The horrific events in Paris have underscored the obvious: there are dangerous people in the world committed to killing us. And we must be able to prevent – or at the very least defend against aggressors. Less obvious is the dangerous truth that budget cuts are seriously eroding our capabilities.
For the first time since the end of World War II, the United States won’t have an aircraft carrier in East Asian waters. Defense funding shortfalls have dictated a four-month gap between the departure of the USS George Washington from its homeport of Yokosuka, Japan and the scheduled arrival of the USS Ronald Reagan. The George Washington will then be out of service for three to four years while it undergoes nuclear refueling and refurbishment.
Though the US Navy says their concerns are overblown, the foreign media in the region have given the story a considerable amount of attention. One reason for our allies’ concern is their profound unease about China’s intentions. A recent poll by the Pew Research Center found that 93% of Filipinos, 85% of Japanese, and 83% of South Koreans are worried that China’s territorial ambitions could lead to military conflict. And significantly, those concerns have become more pronounced since Pew’s similar survey a year earlier.
Funding shortfalls are having other disturbing consequences. Retired Vice Admiral Peter Daly, CEO of the United States Naval Institute recently told a gathering in Washington that “given the current glide slope, in a year we will only be able to deploy two carrier groups” worldwide, even with 30 days notice. That is down from three currently, and five carrier groups just a year ago.
The Coast Guard’s Deputy Commandant for Operations, Vice Admiral Charles Michel told the same Washington gathering that his service had the resources to intercept just 25% of identified and confirmed major illegal drug shipments in the Caribbean.
The sea services aren’t the only branches being strained by spending levels. The Air Force’s top officers have noted that our air fleet is the smallest and oldest in the service’s history. General Philip Breedlove, the Supreme Allied Commander of NATO, even went so far as to say that he is not sure the United States can maintain air supremacy in a major conflict. Congressman Randy Forbes, Chairman of the House Armed Services Subcommittee on Seapower and Projection Forces, points out that air supremacy accounts for much of the difference in American lives lost between Vietnam and more recent conflicts. In one month, March, 1968, the United States lost 156 aircraft and 250 airmen over Vietnam, yet in the entire 1991 Desert Storm operation, America lost a total of only 23 aircraft and 147 lives. Evidence, says Mr. Forbes, of the life-and-death impact of air supremacy.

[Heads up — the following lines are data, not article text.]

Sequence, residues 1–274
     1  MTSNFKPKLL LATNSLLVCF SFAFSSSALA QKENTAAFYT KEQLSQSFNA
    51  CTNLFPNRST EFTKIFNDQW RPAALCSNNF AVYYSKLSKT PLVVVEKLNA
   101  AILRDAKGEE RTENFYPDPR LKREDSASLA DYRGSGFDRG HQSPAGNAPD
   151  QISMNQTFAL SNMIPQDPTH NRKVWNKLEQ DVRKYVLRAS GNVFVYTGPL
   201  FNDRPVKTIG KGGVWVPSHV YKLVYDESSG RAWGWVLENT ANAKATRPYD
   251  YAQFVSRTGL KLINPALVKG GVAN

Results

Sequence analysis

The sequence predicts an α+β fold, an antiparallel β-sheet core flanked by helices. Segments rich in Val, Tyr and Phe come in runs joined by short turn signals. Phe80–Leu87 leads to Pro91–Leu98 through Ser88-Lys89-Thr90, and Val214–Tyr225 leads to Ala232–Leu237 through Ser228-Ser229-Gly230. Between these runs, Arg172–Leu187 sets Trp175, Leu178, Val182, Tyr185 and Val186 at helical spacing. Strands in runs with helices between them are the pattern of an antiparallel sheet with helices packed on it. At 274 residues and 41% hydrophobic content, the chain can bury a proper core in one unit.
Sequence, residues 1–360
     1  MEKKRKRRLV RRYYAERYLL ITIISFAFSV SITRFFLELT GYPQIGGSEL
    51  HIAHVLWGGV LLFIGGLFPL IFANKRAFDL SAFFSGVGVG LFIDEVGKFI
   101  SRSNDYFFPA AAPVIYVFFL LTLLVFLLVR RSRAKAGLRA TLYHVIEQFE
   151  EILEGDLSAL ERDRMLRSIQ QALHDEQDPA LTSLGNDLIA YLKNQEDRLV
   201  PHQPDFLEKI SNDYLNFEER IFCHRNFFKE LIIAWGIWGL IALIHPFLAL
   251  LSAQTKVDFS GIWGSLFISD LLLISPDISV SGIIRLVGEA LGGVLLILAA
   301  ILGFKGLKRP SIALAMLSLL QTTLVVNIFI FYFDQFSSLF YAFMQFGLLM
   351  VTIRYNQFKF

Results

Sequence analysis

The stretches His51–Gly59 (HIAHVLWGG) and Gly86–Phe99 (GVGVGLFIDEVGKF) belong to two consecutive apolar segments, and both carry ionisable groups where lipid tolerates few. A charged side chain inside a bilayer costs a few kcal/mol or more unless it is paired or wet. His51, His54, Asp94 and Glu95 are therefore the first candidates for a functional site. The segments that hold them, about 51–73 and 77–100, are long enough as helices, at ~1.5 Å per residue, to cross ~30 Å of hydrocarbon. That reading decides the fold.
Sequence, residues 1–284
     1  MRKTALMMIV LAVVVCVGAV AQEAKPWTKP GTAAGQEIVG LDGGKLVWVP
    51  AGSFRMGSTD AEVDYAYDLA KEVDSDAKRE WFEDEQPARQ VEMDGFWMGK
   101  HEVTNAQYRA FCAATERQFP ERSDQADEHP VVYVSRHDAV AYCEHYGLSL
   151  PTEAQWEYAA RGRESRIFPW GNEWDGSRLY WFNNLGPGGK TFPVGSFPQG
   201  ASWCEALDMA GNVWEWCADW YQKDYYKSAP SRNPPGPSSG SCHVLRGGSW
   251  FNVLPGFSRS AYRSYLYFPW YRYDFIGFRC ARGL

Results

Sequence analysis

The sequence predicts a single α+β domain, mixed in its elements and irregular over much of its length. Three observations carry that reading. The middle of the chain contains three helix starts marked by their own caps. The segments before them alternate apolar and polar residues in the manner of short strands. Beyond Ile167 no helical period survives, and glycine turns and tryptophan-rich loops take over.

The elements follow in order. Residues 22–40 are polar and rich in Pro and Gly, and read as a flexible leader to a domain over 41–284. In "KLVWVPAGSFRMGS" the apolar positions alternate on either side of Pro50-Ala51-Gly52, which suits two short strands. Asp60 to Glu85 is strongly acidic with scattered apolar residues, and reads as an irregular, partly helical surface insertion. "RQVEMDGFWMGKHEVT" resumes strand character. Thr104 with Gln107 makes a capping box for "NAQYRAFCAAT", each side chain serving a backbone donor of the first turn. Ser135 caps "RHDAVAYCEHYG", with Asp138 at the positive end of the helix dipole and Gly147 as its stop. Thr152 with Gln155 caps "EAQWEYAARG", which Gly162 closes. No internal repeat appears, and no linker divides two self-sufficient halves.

General Ray Odierno, the Army’s Chief of Staff recently testified that not only have we moved away from the long-held strategic objective of being able to fight and win two wars simultaneously, he is not even sure—given our current manpower levels—that we could win one. And, he noted, he didn’t see peace breaking out around the world.
These diminishing capabilities may seem shocking in light of the military spending agreed to in the recent omnibus $1.1 trillion spending bill just agreed to by Congress. Fully $591 billion was for defense, of which $94 billion was for “military construction and upgrades.” This raises the question, “How much is enough?”
During the 2008 presidential campaign, a surrogate for candidate Obama pounded a factoid: the United States Navy had more tonnage than the next 13 navies combined. That quickly morphed into a second shibboleth: the U.S. spends more on defense than the next 13 nations combined.
Let’s assume that is true, even though it is highly misleading to compare military budgets with the second and third largest spenders – China and Russia – who do not pay their conscripts anything close to what we pay our all-volunteer force. (Personnel costs account for 24% of America’s defense budget.) China’s military spending in 2014 is estimated at $185 billion, or 2% of its GDP. It has committed double-digit increases to its defense spending almost every year for the last two decades. Similarly, Russia’s military spending, about $85 billion this year, is 4.5% of its GDP and increasing. (By comparison, U.S. defense spending is 4.3% of GDP.)